From Global Mom: A Memoir
(Continued from last post, “Scooting Through Paris”)
Sometimes, Randall took the Vespa to the office because his work was just across the street from Dalton’s school. The two would head off together, helmeted and wearing biking gear, Dalton holding around his Dad from the back. They could drive right up to the gilded gates of the Parc Monceau where inside was the splendid converted mansion that housed l’École Active Bilingue. Here, Dalton spent his days and earned his French stripes.
The Parc Monceau is about as far from Norwegian barnepark as you can get. In fact, it’s much closer to a Japanese Zen garden, only without bonsai trees, a stone replica of Mount Fuji, and bamboo rakes for everyone to comb the sand. And because it’s French, it is sumptuous but just about as ornamental. This elegant park is where Dalton, and then Luc when he joined the same school a year later, spent their recré, or recess periods every day. Dressed in navy and white uniforms, they stood in packs – boys here, girls there – for their thimble-full of outdoor time. Half an hour of a nine-hour day.
Under the shade of huge old sycamores, the children huddled to play a rousing set of billes, marbles. They sometimes drummed up a modest round of tag or ran after one another’s Yugio cards, very popular that year. But that was the extent of their movement for the day. “Your boys should participate in one or two sports outside of class,” the diréctrice of the school had advised me in our first private consultation. “Swimming, soccer, tennis, anything you can find to energize them will help them metabolize all they’re learning.” She was a small boned woman with a strong brow and imposing presence, flawless Parisian French, and always a gold insignia ring on her left pinkie finger. For someone so no-nonsense, she sure wore delicious perfume.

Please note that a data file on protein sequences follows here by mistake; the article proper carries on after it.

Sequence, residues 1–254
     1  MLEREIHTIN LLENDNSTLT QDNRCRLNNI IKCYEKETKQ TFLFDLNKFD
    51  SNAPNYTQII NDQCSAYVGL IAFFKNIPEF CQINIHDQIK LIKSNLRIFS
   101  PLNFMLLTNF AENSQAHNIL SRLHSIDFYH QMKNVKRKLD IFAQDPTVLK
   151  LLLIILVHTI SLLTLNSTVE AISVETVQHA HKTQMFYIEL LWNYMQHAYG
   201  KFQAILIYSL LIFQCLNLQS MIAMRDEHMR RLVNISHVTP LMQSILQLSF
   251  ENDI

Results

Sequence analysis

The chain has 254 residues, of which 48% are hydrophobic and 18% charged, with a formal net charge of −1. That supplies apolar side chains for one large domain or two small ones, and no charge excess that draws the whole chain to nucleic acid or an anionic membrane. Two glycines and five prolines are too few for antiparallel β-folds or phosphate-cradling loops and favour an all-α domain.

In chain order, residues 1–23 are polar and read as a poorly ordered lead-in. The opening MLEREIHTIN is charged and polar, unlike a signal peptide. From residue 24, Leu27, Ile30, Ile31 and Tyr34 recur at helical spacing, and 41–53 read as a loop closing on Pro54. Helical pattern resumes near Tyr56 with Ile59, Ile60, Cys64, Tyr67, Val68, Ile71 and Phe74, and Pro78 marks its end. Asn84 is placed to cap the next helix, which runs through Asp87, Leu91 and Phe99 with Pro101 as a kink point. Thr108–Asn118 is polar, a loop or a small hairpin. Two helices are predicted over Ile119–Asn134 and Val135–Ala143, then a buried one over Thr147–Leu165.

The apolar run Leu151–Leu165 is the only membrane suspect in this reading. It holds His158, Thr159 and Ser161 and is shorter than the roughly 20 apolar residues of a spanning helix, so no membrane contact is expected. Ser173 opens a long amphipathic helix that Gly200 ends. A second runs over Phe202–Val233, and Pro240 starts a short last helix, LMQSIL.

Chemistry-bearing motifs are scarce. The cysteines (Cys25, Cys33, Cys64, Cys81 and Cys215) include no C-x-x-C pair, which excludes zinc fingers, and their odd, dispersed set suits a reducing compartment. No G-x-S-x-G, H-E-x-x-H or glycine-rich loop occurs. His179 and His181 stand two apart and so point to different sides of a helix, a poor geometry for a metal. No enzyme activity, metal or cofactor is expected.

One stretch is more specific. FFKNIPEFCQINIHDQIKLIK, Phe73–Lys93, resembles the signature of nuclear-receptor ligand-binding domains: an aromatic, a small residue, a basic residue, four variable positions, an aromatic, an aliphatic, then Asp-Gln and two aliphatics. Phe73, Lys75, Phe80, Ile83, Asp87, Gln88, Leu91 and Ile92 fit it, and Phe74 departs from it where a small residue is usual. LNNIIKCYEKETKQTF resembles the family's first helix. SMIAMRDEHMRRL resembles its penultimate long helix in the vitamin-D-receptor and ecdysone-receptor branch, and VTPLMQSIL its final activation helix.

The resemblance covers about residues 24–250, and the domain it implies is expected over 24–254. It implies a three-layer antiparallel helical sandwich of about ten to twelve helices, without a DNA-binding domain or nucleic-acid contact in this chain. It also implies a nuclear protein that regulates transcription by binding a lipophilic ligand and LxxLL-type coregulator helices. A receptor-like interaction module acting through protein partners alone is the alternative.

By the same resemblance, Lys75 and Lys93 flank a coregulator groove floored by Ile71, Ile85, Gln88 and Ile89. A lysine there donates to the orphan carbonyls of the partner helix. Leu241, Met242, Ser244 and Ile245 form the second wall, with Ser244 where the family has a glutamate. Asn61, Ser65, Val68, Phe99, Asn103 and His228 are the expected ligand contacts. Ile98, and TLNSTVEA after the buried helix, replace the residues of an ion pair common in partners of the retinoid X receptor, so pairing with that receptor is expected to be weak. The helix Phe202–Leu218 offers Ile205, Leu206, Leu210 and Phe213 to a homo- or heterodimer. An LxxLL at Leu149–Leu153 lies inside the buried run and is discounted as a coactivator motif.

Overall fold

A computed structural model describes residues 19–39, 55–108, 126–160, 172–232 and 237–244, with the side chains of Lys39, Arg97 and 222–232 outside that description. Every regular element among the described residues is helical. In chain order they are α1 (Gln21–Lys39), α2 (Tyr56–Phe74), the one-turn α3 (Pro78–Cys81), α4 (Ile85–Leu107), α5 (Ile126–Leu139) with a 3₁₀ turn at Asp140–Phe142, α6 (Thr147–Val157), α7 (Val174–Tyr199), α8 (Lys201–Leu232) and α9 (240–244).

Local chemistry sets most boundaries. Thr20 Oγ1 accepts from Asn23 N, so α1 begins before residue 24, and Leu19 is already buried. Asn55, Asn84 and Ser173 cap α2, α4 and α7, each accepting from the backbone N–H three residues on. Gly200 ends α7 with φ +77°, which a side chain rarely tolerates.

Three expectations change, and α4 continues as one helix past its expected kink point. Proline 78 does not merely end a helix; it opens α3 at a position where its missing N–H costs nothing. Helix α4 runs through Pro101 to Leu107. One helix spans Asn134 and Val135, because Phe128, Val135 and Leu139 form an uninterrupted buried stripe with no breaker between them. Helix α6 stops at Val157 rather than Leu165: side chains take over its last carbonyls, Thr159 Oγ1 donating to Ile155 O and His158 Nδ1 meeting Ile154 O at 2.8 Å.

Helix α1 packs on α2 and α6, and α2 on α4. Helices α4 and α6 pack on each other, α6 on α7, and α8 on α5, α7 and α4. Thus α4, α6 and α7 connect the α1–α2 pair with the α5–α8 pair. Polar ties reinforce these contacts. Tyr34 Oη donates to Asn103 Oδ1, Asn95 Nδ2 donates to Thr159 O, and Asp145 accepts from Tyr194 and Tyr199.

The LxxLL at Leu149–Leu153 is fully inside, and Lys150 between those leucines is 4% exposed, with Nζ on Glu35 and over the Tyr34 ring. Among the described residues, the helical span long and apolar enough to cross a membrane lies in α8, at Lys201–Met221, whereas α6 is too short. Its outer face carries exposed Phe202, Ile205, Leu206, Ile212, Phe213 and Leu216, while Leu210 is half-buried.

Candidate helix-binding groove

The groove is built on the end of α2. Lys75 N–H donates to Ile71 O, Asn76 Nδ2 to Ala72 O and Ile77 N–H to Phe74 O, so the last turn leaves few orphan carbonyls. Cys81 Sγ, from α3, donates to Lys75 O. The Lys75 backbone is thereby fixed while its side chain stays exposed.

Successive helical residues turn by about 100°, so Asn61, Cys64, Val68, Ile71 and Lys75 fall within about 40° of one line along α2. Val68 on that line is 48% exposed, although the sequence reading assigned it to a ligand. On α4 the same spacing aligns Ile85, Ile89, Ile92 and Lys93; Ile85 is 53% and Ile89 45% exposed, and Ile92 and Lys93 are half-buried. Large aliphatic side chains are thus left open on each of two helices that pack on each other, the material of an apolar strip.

“This is why we have the open Wednesday afternoons,” she continued. “The children are encouraged to do all their sport then. I suggest you sign them up. Vite, vite!”
After the requisite bureaucracy for which I was braced this time around, we did sign them up: swimming, chess, choir, tae kwan do and then finally because we were in France, we of course signed up both boys for escrime.
That’s pronounced eh-scream, which should have made me nervous, but somehow didn’t. That is until I saw that the boys’ fencing instructor had no right ear. It was a detail that inspired in me both confidence (hey, this guy really fences!) and worry (hey, but, uh. . . .?) The gymnasium full of twenty young fencers in tight white unitards and mesh-fronted helmets looked like an audition hall for Star Wars Stormtroopers wielding swords instead of lasers. For months and months they swung fearlessly, my two youngest did, while mincing and shuffling back and forth, arms raised just so, feet poised just so, an exhausting and beautiful discipline cum sport cum art. Fully French.